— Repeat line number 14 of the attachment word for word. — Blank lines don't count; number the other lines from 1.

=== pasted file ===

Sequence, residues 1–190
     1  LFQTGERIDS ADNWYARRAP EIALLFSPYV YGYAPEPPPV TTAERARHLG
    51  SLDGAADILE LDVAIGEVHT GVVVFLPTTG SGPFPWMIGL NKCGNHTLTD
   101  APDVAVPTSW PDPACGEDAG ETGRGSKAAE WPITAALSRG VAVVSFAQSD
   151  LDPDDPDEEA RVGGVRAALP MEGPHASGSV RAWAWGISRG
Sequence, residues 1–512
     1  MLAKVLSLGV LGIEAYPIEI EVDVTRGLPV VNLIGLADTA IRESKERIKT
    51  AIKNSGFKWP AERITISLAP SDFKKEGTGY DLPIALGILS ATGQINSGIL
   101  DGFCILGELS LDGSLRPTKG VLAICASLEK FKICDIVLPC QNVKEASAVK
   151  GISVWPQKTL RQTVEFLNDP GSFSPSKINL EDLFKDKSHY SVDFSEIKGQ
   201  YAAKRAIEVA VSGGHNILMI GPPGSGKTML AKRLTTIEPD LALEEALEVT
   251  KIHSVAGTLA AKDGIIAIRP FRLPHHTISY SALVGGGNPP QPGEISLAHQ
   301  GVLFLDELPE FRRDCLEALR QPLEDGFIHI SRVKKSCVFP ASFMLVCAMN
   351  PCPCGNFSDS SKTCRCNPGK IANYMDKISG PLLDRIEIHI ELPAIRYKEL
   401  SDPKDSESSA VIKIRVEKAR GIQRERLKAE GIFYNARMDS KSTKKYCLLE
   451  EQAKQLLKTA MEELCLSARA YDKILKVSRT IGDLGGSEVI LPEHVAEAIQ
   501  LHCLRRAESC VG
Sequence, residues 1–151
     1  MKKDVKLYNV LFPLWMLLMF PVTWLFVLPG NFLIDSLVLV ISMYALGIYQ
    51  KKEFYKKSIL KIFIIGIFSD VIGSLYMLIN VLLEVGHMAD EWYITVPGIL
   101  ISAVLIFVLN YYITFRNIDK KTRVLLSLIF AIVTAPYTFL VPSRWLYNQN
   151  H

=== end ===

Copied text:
   351  PCPCGNFSDS SKTCRCNPGK IANYMDKISG PLLDRIEIHI ELPAIRYKEL